I want to continue the conversation about bullying…. not that we should ever shut up about it. There can never be enough open and honest discussion, don’t you think?  

Recently, the nation’s attention was drawn to the untimely and tragic death of another gorgeous young person and Dolly’s senseless passing raised the topic again. The media’s all over it, but still it’s not enough. We need to talk more as families and communities and then take further action. No longer passed anonymous notes, and whispers behind cupped hands the technology we’ve given kids has made bullying endemic. And it’s a mess we all need to help clean up. 

The good Jo at Talking Teens has coined a hashtag and I love it. #ShutThatShitDown. She’s written about the victim blaming needing to stop and of the cop-out that’s just telling kids to ‘toughen up’…. And I reckon she’s right, but there’s more to consider. 

Calling the bully a bully and addressing any behaviour of your kid that’s intended to harm or demean anyone else is your responsibility as a parent. Your kid’s not perfect and nor is mine, but 1. supervising them, 2. paying attention to what they say and do (especially online!) and 3. calling them out on shitty, hurtful behaviour is how they’ll learn better… and ummm actually… it’s your job.  Too many excuses and too many softyly-softlies won’t do when the potential consequences are so serious. 

But wait, there’s another angle too and that’s about increased understanding of what bullying is… and isn’t. If someone is mean to you, as a once-off incident, it’s not bullying. Shitty yes, upsetting for sure but it’s not bullying. We need to teach our kids the difference because our overuse of the term is impacting upon the capacity to deal with real instances of bullying.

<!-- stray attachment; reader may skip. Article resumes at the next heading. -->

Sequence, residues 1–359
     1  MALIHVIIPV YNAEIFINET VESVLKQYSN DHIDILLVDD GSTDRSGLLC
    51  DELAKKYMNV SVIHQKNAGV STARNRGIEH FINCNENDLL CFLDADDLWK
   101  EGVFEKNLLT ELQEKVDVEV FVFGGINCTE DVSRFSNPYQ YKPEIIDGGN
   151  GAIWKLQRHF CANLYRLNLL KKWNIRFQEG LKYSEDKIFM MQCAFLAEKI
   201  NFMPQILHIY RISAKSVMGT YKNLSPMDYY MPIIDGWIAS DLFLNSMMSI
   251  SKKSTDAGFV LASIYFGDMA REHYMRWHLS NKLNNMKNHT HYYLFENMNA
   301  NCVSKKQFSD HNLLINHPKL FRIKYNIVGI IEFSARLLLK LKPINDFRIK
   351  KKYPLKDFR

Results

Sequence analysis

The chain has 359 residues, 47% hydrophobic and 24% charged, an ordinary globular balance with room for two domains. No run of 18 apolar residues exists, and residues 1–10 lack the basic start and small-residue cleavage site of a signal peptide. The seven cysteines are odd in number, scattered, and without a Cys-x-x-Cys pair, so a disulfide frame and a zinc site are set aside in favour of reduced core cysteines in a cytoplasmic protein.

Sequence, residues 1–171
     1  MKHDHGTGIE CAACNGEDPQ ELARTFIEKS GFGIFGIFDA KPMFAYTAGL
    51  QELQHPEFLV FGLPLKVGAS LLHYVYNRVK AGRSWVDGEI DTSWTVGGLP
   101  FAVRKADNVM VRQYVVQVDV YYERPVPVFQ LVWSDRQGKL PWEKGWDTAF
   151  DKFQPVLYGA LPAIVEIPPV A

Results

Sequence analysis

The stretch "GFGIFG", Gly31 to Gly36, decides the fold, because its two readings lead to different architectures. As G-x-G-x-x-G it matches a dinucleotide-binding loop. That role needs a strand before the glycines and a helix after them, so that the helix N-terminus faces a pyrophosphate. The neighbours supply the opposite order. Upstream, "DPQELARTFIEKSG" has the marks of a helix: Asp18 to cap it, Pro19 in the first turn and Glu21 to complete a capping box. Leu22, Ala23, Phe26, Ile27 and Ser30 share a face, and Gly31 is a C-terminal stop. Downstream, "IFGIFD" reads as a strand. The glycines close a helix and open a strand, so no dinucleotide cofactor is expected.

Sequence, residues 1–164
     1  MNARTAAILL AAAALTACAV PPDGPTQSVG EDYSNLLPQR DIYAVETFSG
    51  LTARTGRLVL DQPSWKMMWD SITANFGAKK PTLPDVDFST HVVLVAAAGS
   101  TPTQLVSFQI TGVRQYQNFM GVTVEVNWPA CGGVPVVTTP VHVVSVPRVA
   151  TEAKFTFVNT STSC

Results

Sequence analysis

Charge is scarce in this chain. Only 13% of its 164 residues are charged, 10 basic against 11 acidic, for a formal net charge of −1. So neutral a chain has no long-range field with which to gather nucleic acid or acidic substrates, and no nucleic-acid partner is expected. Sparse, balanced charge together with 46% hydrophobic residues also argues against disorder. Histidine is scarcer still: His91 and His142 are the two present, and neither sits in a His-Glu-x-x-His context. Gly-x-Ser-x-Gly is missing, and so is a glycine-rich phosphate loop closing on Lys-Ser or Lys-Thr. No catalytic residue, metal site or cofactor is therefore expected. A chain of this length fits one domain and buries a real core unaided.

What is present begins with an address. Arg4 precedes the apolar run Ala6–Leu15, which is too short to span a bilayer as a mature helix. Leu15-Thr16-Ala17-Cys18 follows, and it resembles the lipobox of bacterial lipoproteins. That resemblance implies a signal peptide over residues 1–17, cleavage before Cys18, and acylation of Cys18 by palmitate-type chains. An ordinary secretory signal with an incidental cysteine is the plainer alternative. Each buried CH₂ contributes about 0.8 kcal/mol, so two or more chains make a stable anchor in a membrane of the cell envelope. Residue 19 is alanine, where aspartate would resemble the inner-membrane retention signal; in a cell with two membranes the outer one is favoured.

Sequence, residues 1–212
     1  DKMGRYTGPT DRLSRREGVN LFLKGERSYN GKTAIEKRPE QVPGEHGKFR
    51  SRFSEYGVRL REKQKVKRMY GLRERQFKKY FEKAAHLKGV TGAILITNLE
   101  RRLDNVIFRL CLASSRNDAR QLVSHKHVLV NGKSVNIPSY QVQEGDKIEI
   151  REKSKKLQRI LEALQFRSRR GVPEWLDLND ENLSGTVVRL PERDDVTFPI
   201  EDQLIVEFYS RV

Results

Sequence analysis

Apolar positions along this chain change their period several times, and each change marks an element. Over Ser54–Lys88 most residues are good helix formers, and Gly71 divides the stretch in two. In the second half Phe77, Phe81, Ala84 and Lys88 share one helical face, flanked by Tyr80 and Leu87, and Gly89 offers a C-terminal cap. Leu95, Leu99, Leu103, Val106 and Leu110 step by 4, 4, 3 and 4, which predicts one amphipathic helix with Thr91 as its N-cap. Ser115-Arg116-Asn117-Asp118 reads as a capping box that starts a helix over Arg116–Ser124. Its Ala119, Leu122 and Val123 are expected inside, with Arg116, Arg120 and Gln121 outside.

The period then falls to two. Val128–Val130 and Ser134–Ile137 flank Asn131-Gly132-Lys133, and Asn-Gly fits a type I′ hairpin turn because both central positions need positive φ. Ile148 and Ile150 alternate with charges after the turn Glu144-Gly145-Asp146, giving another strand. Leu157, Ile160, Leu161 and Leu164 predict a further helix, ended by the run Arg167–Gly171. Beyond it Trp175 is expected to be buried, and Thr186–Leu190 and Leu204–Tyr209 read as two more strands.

Distinguishing between mean behaviours and bullying can be difficult and meanness can slide into bullying if it’s not dealt with. Reporting and asking what action will be taken is crucial when bullying occurs.  

If you’re planning to approach the school (or police) to report that your teen has been the victim of bullying, you should be able to address the following 

  • Whether the behaviour has been ongoing and how long it has been happening for 
  • How your teen has responded to each instance 
  • Who else is aware of the behaviour 
  • Is there evidence (screen shots, saved messages etc) 
  • Is it clear the behaviours are intentional 
  • Is there a power imbalance between your teen and the other/s 

Not taking action should never be an option, but having the ‘full story’, documentation and witnesses will assist in consequences being implemented for the bully. 

But I do believe as parents we have can make a difference when it comes to bullies, the bullied and bullying and it will be a focus of Teenage Survival Coach this year to keep the conversation and support around this issue at the forefront. I’m with Jo on #ShutThatShitDown and let’s all talk about this.

It’s too damned important not to, isn’t it?  


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